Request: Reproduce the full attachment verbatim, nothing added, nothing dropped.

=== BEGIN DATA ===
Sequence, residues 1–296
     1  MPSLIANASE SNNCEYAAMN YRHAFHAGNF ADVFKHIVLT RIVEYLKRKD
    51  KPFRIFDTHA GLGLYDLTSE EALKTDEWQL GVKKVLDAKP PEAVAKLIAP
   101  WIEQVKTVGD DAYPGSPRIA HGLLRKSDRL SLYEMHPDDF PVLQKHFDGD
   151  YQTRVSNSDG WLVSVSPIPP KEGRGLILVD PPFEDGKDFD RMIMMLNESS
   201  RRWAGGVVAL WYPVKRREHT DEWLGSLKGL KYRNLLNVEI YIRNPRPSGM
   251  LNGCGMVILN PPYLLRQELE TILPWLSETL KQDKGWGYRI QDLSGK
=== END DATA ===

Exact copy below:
Sequence, residues 1–296
     1  MPSLIANASE SNNCEYAAMN YRHAFHAGNF ADVFKHIVLT RIVEYLKRKD
    51  KPFRIFDTHA GLGLYDLTSE EALKTDEWQL GVKKVLDAKP PEAVAKLIAP
   101  WIEQVKTVGD DAYPGSPRIA HGLLRKSDRL SLYEMHPDDF PVLQKHFDGD
   151  YQTRVSNSDG WLVSVSPIPP KEGRGLILVD PPFEDGKDFD RMIMMLNESS
   201  RRWAGGVVAL WYPVKRREHT DEWLGSLKGL KYRNLLNVEI YIRNPRPSGM
   251  LNGCGMVILN PPYLLRQELE TILPWLSETL KQDKGWGYRI QDLSGK